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Statement of Work Best Practices

Statement of Work Best Practices

By Danielle Rosato on Friday, January 17, 2014, Strategicsourceror.com

 

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To develop a statement of work (SOW) that is not too vague, too broad, too generic, too technical is a tricky task that is essential to the success of a project. Ensuring that your contractual document does not leave any room for interpretations is easier said than done. Developing a solid statement of work will not only assist you in ensuring all scope, deliverable, and pricing is outlined, it also sets guidelines and standards which all parties shall be required to stand by.

In order to develop a SOW that is clear, concise, and captures all goals and objectives, follow these simple steps:

First and foremost, you need to understand what a SOW is and the exact purpose. A SOW details the required scope of a project, milestones, timelines, sets expectations, deliverables, and clearly outlines pricing and service level agreements. The next step is to determine what information should be included within the document. The more precise the SOW is, the better since this is a binding document between your company and a supplier. When developing your outline for the document, there are several key components which should be included:

  1. Project Title: Provide a high level title of the project.
  2. Project Specification: The first paragraph of your SOW should outline the date, parties involved in the SOW (with Legal addresses), and any additional Legal information that may be required from our organization. This section may also include the contract term and when all work and deliverables must be completed by.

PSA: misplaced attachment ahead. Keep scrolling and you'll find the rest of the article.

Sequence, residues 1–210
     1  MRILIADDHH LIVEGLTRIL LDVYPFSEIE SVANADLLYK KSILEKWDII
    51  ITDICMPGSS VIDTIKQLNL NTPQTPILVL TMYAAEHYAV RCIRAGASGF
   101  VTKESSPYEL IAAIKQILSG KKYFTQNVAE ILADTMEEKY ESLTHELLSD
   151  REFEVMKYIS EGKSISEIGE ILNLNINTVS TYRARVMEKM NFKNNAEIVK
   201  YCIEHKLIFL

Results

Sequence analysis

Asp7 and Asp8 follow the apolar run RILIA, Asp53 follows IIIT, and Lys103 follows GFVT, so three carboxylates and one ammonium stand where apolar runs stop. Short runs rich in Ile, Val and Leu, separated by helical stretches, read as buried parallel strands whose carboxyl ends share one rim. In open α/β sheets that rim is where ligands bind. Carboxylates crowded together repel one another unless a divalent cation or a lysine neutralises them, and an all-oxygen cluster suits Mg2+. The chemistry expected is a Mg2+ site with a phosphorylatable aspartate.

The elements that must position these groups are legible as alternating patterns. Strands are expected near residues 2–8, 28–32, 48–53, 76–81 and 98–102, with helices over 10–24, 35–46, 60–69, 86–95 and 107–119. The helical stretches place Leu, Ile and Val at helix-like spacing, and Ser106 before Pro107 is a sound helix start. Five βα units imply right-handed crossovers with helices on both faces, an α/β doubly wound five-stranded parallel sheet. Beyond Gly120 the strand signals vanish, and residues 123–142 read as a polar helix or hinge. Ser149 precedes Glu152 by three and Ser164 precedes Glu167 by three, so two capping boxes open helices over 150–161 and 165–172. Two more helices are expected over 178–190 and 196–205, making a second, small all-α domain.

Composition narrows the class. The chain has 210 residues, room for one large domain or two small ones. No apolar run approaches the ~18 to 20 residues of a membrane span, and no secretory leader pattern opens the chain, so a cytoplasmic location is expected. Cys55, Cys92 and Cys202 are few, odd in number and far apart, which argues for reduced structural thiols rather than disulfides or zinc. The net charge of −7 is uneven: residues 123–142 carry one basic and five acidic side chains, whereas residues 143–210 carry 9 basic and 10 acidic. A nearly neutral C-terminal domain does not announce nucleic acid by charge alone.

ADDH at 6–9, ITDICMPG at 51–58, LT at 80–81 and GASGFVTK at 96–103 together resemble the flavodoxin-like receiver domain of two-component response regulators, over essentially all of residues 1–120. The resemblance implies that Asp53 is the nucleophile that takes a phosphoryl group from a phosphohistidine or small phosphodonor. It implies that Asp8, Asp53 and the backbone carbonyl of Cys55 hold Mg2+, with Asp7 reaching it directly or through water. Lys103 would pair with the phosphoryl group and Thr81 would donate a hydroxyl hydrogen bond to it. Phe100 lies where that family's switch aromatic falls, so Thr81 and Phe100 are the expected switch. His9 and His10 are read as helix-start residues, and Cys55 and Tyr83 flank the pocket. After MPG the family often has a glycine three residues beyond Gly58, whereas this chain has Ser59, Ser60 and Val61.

3. High Level Scope of Work: Populate this section with a brief overview of the project and goals.The SOW should clearly identify what constitutes as success or failure, which differs depending on project and scope.
  4. Objective: The objective of the SOW is to define the scope of services, roles and responsibilities, timelines, and costs with providing the services and deliverables outlined in the document.
  5. Project Scope and Definition: This section will list all the tasks that must be completed. It is important to be as detailed as possible. Avoid verbs that can lead to vague statements, the verb “shall”, for example, definitively states which party is to do the work and is binding.
  6. Deliverables and Assumptions: All SOW’s should clearly outline both client and supplier deliverables and assumptions along with descriptions of each.
  7. Resources, Roles, and Responsibilities: Resource names, titles, descriptions, and responsibilities should be clearly outlined.
  8. Project Scheduling: It is important to clearly outline important milestones and completion dates to ensure projects stay on track and to monitor progress.
  9. Service Levels: Service levels, metrics, and key performance indicators should be outlined relative to the specific SOW to ensure supplier’s performance and/or deliverables meet expectations.
  10. Project Cost: Ensuring that all project costs are clearly outlined is critical when developing a SOW. The project cost section should include as much pricing detail as possible, such as rate card, service cost breakout, and any other outlined costs.The project cost section should also tie payments back to each specific milestone or line items.
  11. Change Control and Project Acceptance: Establishing a mechanism to deal with change is critical to the successful management of the project constraints, and therefore the success of the overall project. It is also important to include acceptance of the SOW as the final component.

Having a well-defined SOW is critical to the success of a project by outlining specific, measurable, and detailed results. The SOW can also be used as a tool to assist others in getting up to speed with the scope of work and costs. Taking the time to capture the correct information will save time long term by establishing a detailed project planning document of all milestones, deliverables, and expectations. 

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